Born between 1985 and 1995*
Our APERS active membership spans the current variety of generational groups such as “Baby Boomers,” “Generation X,” and “Millennials.” Every age has unique features, challenges, and opportunities.
The Millennials challenge:
Millennials have higher rates of student loan debt, poverty, and unemployment yet enjoy lower wealth and personal income compared to Gen X and Baby Boomers when they were in the 20-35 age range. To complicate matters, a Gallup report concluded that millennials are more likely to hop between jobs than their predecessors.
The goal: Keep retirement in mind. Even though retirement seems too distant for many Millennials to consider now, they should assess retirement benefits when changing jobs. The earlier employees begin to plan for retirement, the greater odds are that they’ll be in a better financial position when they are ready to retire.
APERS suggests: APERS has over 700 participating public employers across state, municipal, county and non-state government. When hopping between jobs, Millennial APERS members should consider other APERS-participating employers so that they can continue accruing retirement benefits under this system. By continuing participation in APERS, they can increase their service credit and possibly their compensation which are two key factors in the benefit formula (see article on facing page for more information on increasing APERS benefits).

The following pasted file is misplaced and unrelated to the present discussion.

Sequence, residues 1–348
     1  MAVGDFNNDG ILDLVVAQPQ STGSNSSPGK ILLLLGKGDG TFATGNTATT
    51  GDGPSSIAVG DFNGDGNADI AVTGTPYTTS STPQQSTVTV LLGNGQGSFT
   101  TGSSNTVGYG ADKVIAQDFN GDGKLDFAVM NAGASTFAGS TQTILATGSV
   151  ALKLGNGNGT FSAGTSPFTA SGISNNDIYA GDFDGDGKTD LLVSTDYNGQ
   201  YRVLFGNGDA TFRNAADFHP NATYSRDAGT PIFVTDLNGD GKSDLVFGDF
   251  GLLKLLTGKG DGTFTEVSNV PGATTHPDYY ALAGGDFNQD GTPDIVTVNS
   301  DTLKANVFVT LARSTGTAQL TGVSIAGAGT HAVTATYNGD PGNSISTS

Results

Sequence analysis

When Millennials’ career plans include relocating outside of Arkansas and they opt for a termination refund, they should remember that they can roll their contributions into an employer plan or an IRA. With this distribution option they can retain their retirement benefit while still deferring taxes on their contributions. In contrast, when they request a lump sum paid directly to them, not only do they lose all future benefits for that period of employment, but they also pay a total of 25% in federal and state taxes and possibly additional penalties for early withdrawal.
*Birth year ranges for generational titles from “Minding the Generation Gap: Investigating Media Portrayals of Millennials and ‘Gen Z’ by Logan Casey, New York Times, October 31, 2016. Some material for this discussion was derived from issues raised by Jennifer Brown of the National Institute on Retirement Security as reported by Kara Stiles of Forbes.
Generational Retirement Issues, Part 1: Baby Boomers (Born between 1945 and 1964)
Generational Retirement Issues, Part 2: Generation X (Born between 1965 and 1984)